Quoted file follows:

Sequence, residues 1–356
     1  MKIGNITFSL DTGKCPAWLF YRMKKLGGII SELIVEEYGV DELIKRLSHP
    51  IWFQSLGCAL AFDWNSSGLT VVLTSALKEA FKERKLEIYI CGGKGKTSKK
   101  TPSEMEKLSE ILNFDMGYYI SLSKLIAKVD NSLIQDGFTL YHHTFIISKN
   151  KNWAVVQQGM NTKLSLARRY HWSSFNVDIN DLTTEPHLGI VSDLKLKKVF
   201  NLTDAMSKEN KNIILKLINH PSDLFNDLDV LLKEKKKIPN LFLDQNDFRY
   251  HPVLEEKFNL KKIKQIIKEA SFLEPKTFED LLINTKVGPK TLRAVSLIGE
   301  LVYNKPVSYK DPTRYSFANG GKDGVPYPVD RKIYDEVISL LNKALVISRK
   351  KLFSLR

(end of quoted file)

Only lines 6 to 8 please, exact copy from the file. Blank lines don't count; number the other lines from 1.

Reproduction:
   201  NLTDAMSKEN KNIILKLINH PSDLFNDLDV LLKEKKKIPN LFLDQNDFRY
   251  HPVLEEKFNL KKIKQIIKEA SFLEPKTFED LLINTKVGPK TLRAVSLIGE
   301  LVYNKPVSYK DPTRYSFANG GKDGVPYPVD RKIYDEVISL LNKALVISRK